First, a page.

Dr. Donald “Will” Parsons is a physician-scientist at Texas Children’s Cancer Center and an assistant professor of pediatrics – hematology/oncology at BCM working to revolutionize the care and treatment for children with cancer by sequencing the genetic structure of pediatric tumors. In concert with colleagues at BCM’s Human Genome Sequencing Center, Parsons specializes and is dedicated to the genomic analysis of cancers with a focus on pediatric brain tumors and solid tumors. Utilizing sequencing technologies to identify genetic alterations that may serve as targets for novel diagnostics and therapeutics, his ultimate goal is to provide truly individualized clinical care for pediatric cancer patients.
Along with his colleagues, Parsons’ analysis of medulloblastoma – the most common malignant brain tumor in children and the first pediatric cancer to be sequenced – has resulted in the discovery of numerous mutated genes and genetic pathways that contribute to cancer development. This provides an unprecedented view of the genetic landscape of human cancers and a critical foundation for the development of new cancer treatments. His research has demonstrated that each patient’s cancer is truly unique. Parsons is now working to incorporate this information into the routine clinical care for children at Texas Children’s Cancer Center, making each treatment as unique as the patient’s cancer.
As an international leader in pediatric cancer research and treatment, Texas Children’s Cancer Center is dedicated to providing novel therapies and family-centered care to children from infancy through young adulthood with cancer– from the most common to rare. The Texas Children’s Cancer Center is a joint program of Texas Children’s Hospital and Baylor College of Medicine and the pediatric program of BCM’s NCI-designated Dan L. Duncan Cancer Center. Ranked 5th in the nation by U.S. News & World Report, making the Center #1 outside the northeast United States as well as #1 in Texas, Texas Children’s Cancer Center treats more childhood cancer and hematology patients than any other program in the U.S., with patients coming from 35 states and 26 countries around the world. Learn more at txch.org.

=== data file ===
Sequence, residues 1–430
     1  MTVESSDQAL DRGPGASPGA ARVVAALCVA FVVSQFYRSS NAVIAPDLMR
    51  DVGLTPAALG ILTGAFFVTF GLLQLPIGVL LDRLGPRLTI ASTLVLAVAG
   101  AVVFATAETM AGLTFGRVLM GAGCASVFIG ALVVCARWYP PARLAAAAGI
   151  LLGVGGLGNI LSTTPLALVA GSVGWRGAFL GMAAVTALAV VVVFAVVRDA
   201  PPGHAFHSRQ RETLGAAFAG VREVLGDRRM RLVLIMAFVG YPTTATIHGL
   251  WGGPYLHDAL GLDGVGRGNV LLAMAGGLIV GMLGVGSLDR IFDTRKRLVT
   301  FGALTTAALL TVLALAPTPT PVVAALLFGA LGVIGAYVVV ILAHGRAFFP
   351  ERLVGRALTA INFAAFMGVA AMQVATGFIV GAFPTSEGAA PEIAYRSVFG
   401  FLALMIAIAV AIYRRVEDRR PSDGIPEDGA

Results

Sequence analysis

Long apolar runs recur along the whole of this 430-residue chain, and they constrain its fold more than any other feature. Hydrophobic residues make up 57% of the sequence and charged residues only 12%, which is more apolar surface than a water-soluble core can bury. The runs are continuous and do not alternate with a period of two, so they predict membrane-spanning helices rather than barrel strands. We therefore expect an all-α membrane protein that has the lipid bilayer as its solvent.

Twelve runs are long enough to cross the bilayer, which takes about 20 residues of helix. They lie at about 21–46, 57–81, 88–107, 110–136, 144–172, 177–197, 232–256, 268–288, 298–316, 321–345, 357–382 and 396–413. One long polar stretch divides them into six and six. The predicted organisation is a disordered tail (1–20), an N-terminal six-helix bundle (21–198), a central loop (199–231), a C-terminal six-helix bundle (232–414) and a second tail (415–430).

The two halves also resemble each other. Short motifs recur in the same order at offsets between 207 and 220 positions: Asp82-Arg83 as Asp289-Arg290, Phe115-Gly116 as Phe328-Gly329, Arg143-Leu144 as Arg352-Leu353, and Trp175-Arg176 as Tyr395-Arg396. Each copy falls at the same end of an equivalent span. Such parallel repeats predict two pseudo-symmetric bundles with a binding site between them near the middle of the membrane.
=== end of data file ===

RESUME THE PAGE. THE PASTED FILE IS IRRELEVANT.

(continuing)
Texas Children’s Hospital is committed to a community of healthy children by providing the finest pediatric patient care, education and research. Renowned worldwide for its expertise and breakthrough developments in clinical care and research, Texas Children’s is nationally ranked in all ten subspecialties in U.S.News & World Report’s list of America’s Best Children’s Hospitals. Texas Children’s also operates the nation’s largest primary pediatric care network, with more than 40 offices throughout the greater Houston community. Texas Children’s has embarked on a $1.5 billion expansion, Vision 2010, which includes the Jan and Dan Duncan Neurological Research Institute; the Texas Children’s Pavilion for Women, a comprehensive obstetrics/gynecology facility focusing on high-risk births and Texas Children’s Hospital West Campus, a community hospital in suburban West Houston. For more information on Texas Children’s Hospital, go to www.texaschildrens.org. Get the latest news from Texas Children’s Hospital by visiting the online newsroom and on Twitter at www.twitter.com/texaschildrens.